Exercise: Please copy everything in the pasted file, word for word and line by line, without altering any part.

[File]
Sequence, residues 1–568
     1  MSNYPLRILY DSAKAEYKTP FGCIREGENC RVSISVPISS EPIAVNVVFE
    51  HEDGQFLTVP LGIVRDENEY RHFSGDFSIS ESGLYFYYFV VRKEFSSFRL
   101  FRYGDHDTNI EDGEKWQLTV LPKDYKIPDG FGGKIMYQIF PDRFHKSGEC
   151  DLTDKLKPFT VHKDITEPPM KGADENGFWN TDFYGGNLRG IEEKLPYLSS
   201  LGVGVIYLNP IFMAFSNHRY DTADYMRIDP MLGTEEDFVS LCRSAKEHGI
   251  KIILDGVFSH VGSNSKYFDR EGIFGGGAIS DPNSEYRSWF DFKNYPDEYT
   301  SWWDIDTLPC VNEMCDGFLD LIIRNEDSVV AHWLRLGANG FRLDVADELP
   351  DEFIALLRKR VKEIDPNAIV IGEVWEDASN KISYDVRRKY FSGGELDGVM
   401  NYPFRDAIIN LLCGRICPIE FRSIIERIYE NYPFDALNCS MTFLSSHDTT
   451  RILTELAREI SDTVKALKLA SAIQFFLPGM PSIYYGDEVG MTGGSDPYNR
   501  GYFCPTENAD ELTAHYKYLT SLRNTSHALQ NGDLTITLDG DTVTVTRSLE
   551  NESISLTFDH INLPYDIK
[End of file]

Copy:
Sequence, residues 1–568
     1  MSNYPLRILY DSAKAEYKTP FGCIREGENC RVSISVPISS EPIAVNVVFE
    51  HEDGQFLTVP LGIVRDENEY RHFSGDFSIS ESGLYFYYFV VRKEFSSFRL
   101  FRYGDHDTNI EDGEKWQLTV LPKDYKIPDG FGGKIMYQIF PDRFHKSGEC
   151  DLTDKLKPFT VHKDITEPPM KGADENGFWN TDFYGGNLRG IEEKLPYLSS
   201  LGVGVIYLNP IFMAFSNHRY DTADYMRIDP MLGTEEDFVS LCRSAKEHGI
   251  KIILDGVFSH VGSNSKYFDR EGIFGGGAIS DPNSEYRSWF DFKNYPDEYT
   301  SWWDIDTLPC VNEMCDGFLD LIIRNEDSVV AHWLRLGANG FRLDVADELP
   351  DEFIALLRKR VKEIDPNAIV IGEVWEDASN KISYDVRRKY FSGGELDGVM
   401  NYPFRDAIIN LLCGRICPIE FRSIIERIYE NYPFDALNCS MTFLSSHDTT
   451  RILTELAREI SDTVKALKLA SAIQFFLPGM PSIYYGDEVG MTGGSDPYNR
   501  GYFCPTENAD ELTAHYKYLT SLRNTSHALQ NGDLTITLDG DTVTVTRSLE
   551  NESISLTFDH INLPYDIK